Retired Pope Benedict XVI has reemerged as the co-author of a new book expressing his belief in priestly celibacy, a potential point of conflict with Pope Francis after bishops in the recent synod on the Amazon called for the ordination of married men as priests to address the Roman Catholic priest shortage.
After he vowed to remain “hidden from the world” and pledge obedience to the new pope when he retired in 2013, Benedict’s book, entitled “From the Depths of Our Hearts: Priesthood, Celibacy and the Crisis of the Catholic Church,” made the case that celibacy was a necessary foundation of the priesthood.
“The priesthood of Jesus Christ causes us to enter into a life that consists of becoming one with him and renouncing all that belongs only to us,” Benedict wrote, according to excerpts from the English version which The Associated Press obtained. “For priests, this is the foundation of the necessity of celibacy but also of liturgical prayer, meditation on the Word of God and the renunciation of material goods.”
Marriage, he wrote, required man to give himself totally to his family. “Since serving the Lord likewise requires the total gift of a man, it does not seem possible to carry on the two vocations simultaneously. Thus, the ability to renounce marriage so as to place oneself totally at the Lord’s disposition became a criterion for priestly ministry.”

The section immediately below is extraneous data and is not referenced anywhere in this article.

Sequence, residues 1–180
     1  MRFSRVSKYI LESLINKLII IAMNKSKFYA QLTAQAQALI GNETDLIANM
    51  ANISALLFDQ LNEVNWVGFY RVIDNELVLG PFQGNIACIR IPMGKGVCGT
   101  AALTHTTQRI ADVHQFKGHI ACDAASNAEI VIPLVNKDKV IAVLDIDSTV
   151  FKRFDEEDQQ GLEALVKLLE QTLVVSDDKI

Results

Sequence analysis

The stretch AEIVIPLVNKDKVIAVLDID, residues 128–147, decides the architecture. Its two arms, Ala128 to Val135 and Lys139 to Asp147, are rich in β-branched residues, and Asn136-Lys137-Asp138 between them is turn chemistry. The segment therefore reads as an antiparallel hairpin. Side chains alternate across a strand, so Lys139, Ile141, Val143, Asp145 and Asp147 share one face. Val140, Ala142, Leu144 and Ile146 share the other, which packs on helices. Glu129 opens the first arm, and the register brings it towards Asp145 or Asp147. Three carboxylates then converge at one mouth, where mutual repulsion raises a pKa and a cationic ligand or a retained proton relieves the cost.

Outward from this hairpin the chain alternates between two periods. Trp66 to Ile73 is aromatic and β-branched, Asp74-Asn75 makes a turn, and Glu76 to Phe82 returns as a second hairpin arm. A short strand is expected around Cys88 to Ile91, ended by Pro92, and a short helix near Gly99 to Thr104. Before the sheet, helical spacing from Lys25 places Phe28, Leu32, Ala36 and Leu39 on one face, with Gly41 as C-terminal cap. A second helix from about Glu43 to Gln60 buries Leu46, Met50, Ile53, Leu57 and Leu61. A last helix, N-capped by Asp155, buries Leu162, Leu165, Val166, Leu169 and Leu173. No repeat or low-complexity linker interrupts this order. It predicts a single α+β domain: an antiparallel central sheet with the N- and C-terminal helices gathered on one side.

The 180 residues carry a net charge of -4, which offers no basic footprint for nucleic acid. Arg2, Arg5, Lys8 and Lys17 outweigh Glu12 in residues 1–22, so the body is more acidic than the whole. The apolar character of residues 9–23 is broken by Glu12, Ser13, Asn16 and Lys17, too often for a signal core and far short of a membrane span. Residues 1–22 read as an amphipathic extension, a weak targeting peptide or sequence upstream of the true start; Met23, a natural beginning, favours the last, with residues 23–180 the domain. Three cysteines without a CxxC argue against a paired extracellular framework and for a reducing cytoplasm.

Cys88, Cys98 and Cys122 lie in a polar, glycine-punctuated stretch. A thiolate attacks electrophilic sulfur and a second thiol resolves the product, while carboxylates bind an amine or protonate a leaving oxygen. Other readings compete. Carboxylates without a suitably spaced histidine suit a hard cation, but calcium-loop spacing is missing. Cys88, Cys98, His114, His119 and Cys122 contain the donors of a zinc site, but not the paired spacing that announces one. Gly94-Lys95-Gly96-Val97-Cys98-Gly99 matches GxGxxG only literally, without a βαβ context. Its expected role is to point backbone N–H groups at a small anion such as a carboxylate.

Co-authored by Guinean Cardinal Robert Sarah, who has led the Vatican’s liturgy office and was seen as a silent critic of Francis, the book weighed in on a controversial topic that has taken the spotlight since Francis floated the opinion that celibacy was a tradition, not doctrine, suggesting exceptions could be made to accept married priests into the church.
Pope Francis, right, hugging Pope Benedict XVI prior to the start of a meeting with elderly faithful in St. Peter’s Square at the Vatican in 2014. (AP Photo/Gregorio Borgia, File)
“It is urgent and necessary for everyone—bishops, priests and lay people—to stop letting themselves be intimidated by the wrong-headed pleas, the theatrical productions, the diabolical lies and the fashionable errors that try to put down priestly celibacy,” the two authors wrote. “It is urgent and necessary for everyone—bishops, priests and lay people—to take a fresh look with the eyes of faith at the Church and at priestly celibacy which protects her mystery.”
A majority of bishops at the synod in October said married men should be ordained to offer a supply for the shortage of priests. Francis has said he would write a document based on the outcome of that meeting.
Benedict’s book could be considered a public attempt by the retired pope to sway the thinking of the current pope.
The implications for such an intervention are likely to fuel renewed anxiety about the unprecedented situation of two popes, but both authors wrote in the book that it was written “in a spirit of filial obedience to Francis.”
The Associated Press contributed to this report.